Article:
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The online version of this article (doi:10.1186/s12889-016-2714-9) contains supplementary material, which is available to authorized users.
All authors declare that they have no competing interests.
RAN contributed to problem definition, conceptualized the analysis plan, and conducted the data analysis. He drafted the text for the first version of the article, which underwent iterative revisions. OAA led the problem definition and helped conceptualize and supervise the implementation of the analysis plan. TK and LVS contributed to problem definition and data analysis; they conceptualized the original study design and led the Calorie and Nutrition Information Survey (data collection took place during 2007–2008). All authors provided critical input and insights into the development and writing of the article. All authors read and approved the final manuscript.
Although obesity continues to rise and remains a great public health concern in the U.S., a number of important levers such as self-perception of weight and calorie postings at point-of-purchase in restaurants are still not well-characterized in the literature, especially for low-income and minority groups in Los Angeles County (LAC). To study this gap, we examined the associations of self-perception of weight (as measured by body weight discrepancy) with food choice intentions and consumer response to calorie information among low-income adults residing in LAC during the pre-menu labeling regulation era.
Descriptive and multivariable logistic regression analyses were performed to examine the aforementioned associations utilizing data from the 2007–2008 Calorie and Nutrition Information Survey (CNIS). The CNIS was a local health department study of 639 low-income adults recruited from five large, multi-purpose public health centers in LAC.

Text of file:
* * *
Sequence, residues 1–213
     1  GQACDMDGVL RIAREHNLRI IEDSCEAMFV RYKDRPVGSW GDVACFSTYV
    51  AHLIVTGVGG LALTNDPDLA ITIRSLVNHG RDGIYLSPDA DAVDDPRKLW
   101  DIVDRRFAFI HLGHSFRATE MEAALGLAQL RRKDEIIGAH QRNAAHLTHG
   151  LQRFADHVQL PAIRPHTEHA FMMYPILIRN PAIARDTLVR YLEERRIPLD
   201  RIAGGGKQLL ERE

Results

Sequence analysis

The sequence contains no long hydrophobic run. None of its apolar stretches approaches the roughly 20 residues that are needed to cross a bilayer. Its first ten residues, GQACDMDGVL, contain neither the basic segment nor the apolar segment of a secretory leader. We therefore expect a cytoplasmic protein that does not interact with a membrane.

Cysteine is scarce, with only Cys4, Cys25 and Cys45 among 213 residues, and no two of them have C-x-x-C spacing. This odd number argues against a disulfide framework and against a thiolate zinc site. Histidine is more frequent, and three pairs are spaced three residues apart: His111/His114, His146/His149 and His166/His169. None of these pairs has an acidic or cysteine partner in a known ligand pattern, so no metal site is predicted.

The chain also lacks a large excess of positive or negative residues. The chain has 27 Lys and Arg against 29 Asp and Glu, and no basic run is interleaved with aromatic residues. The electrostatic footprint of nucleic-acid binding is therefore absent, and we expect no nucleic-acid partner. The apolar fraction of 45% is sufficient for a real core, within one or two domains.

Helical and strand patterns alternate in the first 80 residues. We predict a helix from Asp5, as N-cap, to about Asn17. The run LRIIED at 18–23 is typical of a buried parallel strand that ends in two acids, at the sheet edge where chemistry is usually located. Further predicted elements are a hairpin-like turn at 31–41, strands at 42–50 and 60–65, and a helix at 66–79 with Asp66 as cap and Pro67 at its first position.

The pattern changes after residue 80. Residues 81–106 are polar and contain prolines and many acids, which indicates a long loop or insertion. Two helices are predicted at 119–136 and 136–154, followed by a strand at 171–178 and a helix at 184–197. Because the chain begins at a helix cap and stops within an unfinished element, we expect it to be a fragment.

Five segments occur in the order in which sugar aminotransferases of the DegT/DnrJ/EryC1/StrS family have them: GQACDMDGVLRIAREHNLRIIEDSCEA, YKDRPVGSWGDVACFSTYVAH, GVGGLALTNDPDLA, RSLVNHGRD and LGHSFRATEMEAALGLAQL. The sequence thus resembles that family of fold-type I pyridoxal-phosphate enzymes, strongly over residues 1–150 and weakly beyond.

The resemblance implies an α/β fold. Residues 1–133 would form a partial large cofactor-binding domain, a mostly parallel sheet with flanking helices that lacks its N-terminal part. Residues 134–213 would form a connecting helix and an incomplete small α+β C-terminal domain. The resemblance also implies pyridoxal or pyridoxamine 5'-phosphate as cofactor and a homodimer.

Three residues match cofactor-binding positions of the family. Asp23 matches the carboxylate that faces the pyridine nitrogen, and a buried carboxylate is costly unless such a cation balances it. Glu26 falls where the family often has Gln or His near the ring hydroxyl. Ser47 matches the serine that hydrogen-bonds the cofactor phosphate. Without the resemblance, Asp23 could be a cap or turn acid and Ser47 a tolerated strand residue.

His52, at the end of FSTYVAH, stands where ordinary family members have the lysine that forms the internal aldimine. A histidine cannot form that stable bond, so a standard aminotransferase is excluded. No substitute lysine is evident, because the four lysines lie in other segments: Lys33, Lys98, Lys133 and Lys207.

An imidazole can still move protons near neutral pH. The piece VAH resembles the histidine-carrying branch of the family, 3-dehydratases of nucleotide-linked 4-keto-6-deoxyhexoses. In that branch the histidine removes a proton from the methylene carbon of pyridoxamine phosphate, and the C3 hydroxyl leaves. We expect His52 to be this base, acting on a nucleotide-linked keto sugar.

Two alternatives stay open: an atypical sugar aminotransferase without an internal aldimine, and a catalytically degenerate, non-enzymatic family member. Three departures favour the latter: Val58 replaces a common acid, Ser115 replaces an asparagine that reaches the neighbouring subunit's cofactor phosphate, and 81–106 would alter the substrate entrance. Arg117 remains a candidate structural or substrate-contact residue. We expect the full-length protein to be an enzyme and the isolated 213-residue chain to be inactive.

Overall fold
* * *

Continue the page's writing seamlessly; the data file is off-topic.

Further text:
Survey participants who reported that their desired weight was less than their current weight (versus desired weight the same as current weight) had (i) higher odds of intending to select lower-calorie foods under the scenario that calorie information was available at point-of-purchase (aOR = 2.0; 95 % CI: 1.0–3.9); and (ii) had higher odds of reporting that it is “very important” to have these calorie postings on food items in grocery stores (aOR = 3.1; 95 % CI: 0.90–10.7) and in fast-food restaurants (aOR = 3.4; 95 % CI: 1.0–11.4).
Self-perception of weight was found to be associated with the intention to select lower-calorie foods under the scenario that calorie information was available at point-of-purchase. Future public health efforts to support menu labeling implementation should consider these and other findings to inform consumer education and communications strategies that can be tailored to assist restaurant patrons with this forthcoming federal law.